This group continued its hatred of people of color, but also targeted Catholics as disloyal and incapable of being “100 percent American.” Catholicism was seen as a deterrent to personal independence and freedom. Catholics were “priest ridden” and subject to autocratic leadership, traits not compatible with citizenship in a democratic republic. The Klan flourished through the twenties, but by 1928 faded away in Wisconsin.

Immigration Policy: 1921-1924

Efforts to restrict immigration to the United States began with laws banning the Chinese from entering.

In the early 20th century, a considerable body of pseudo-scientific thought on the differences in race was brought to bear on the issue of immigration. The nation was being flooded with millions of immigrants every year, many of them passing through Ellis Island, a checkpoint in New York harbor begun in 1892. Eventually this pseudo-science, endorsed by many Wisconsin academics and politicians, determined that people of northern and western European ancestry were the best disposed to come to the United States. Those from southern and eastern Europe, Latin America, or other southern latitudes were considered racially inferior and unfit to mix with white Americans. In the mind of some, these immigrants “disability” included their Catholic faith

Efforts to restrict immigrants were advanced in Congress in the early 20th century—excluding certain classes of people (among them, the mentally ill, anarchists, and those with contagious diseases.) In 1921, Congress halted the number of immigrants coming from “inferior” places, and in 1924 the Johnson Act placed strict immigration quotas based on nationality. This radically restricted the number of southern and eastern Europeans allowed to come to America. This attitude toward foreigners was advanced by groups like the Klan. Aligned with this movement was a noticeable Eugenics Movement, which reinforced spurious ideas about racial purity and sought to eliminate undesirables by excluding them from America. These ideas were very popular with academics and many in public service and sometimes included suspicion of Catholics.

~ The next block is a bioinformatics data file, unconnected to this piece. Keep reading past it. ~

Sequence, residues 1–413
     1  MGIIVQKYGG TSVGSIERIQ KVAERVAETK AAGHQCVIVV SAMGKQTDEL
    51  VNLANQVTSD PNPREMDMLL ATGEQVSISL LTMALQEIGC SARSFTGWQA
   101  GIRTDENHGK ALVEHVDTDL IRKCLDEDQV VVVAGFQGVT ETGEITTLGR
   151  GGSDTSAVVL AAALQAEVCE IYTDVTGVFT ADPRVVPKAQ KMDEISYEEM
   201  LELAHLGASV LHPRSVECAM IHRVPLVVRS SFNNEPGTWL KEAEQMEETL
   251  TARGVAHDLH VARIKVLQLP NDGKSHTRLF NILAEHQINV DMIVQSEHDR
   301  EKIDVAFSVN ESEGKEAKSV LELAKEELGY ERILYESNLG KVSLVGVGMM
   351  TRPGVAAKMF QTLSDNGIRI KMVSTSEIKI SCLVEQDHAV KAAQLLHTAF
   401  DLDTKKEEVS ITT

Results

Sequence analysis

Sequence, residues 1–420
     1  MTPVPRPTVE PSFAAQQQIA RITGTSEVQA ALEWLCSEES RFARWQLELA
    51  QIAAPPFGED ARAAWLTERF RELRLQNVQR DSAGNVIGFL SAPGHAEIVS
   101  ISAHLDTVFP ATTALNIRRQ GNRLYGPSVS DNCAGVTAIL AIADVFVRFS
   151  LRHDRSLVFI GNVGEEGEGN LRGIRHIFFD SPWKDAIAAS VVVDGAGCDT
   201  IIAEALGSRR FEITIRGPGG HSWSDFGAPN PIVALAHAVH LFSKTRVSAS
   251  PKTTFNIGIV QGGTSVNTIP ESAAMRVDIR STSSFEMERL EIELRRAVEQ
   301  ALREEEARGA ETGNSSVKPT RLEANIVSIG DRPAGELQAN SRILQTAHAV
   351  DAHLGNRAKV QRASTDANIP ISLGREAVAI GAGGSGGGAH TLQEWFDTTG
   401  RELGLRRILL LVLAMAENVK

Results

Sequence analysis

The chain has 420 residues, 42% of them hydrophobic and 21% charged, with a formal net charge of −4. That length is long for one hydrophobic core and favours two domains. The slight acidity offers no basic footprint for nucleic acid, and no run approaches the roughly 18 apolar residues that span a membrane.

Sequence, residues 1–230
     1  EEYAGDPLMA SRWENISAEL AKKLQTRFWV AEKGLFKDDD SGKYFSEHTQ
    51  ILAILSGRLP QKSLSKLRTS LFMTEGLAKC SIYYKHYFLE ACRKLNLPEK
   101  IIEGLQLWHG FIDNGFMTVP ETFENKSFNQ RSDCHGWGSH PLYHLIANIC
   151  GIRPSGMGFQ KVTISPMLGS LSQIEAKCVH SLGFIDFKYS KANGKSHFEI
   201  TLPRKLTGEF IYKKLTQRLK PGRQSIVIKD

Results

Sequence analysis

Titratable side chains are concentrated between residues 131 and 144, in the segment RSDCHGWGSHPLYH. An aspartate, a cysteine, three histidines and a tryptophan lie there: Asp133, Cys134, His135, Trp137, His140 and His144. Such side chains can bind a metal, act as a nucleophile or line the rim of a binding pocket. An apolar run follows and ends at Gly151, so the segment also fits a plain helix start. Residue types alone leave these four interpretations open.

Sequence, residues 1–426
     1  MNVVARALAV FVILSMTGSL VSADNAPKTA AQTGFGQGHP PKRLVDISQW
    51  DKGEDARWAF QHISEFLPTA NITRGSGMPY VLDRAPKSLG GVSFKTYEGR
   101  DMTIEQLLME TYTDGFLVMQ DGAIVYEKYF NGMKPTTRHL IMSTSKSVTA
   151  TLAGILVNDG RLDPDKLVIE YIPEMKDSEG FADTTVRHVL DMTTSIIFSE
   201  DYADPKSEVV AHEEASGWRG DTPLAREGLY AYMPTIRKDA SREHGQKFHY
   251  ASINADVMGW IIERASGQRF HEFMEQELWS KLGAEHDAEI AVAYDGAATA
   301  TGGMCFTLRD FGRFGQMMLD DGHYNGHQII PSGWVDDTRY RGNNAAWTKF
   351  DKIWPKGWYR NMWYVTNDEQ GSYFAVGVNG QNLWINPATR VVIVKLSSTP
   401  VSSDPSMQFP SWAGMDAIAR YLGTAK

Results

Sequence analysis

The impact of these attitudes on the Catholic Church was cutting off new immigrants from existing ethnic communities who had established themselves throughout the state. It encouraged “Americanization” through the use of English in parishes and schools. Intermarriage between members of ethnic groups created a mixed nationality, further promoting Americanization. The racist underpinning of these policies became embarrassing after the United States battled the hideous policies of Hitler’s Third Reich in World War II. 

In 1952, Congress passed further restrictive legislation, the McCarran-Walter Act, over the veto of President Harry Truman.

Immigration Reform: 1965

Beginning in 1965, revision of existing immigration laws re-oriented American immigration policy. It did away with the national origins system set up by the laws of the 1920s and 1952. The new law (the Hart-Celler Act) included refugees and also encouraged chain migration from Latin America, Asia, and the Pacific Islands. At the same, time political upheavals resulting from the Vietnam War brought many refugees and other immigrants to the United States and Wisconsin.

One large group that made Wisconsin its destination was the Hmong. After the fall of Saigon and Laos in 1975, Hmong began to flee to the United States. From the late 1970s to the mid-1990s, thousands of Hmong refugees resettled in the United States. Wisconsin cities with large Hmong communities included Milwaukee, Racine, and Sheboygan. Vietnamese Catholics, fleeing the persecution of the North Vietnamese government, also were welcomed in large numbers to the US. The archdiocese facilitated social and services and ministerial outreach to them.

New Immigration

The waves of new immigrants coming from Mexico, the Pacific Islands, and Asia have made their presence felt through parish life. Various parishes in the archdiocese have created spaces for worship, cultural expression, celebration of holidays, and provided social services. The concerns of Spanish speakers have found significant support through archdiocesan planning, educational outreach, and the recruitment of priests and religious to minister to these communities. Parishes in various parts of the diocese that had once been the domain of earlier ethic groups have now become important centers of Hispanic evangelization and education.

Pacific Islander and Asian Catholics have also found church homes in Milwaukee, Sheboygan, and elsewhere. Efforts to draw attention to these groups are highlighted in archdiocesan communications and through the ministry of lay persons, priests, deacons, and religious.

By Rev. Steven Avella

Next Section: 175 Years of Catholic Lay Participation

Photographs and documents courtesy of the Archdiocese of Milwaukee Archives, unless otherwise noted. Photographs and documents cannot be reproduced without prior written authorization.​ For permission to reproduce contact the archdiocesan archives.​

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The Archdiocese of Milwaukee

3501 South Lake Drive
St. Francis, WI 53235

Phone:  (414) 769-3300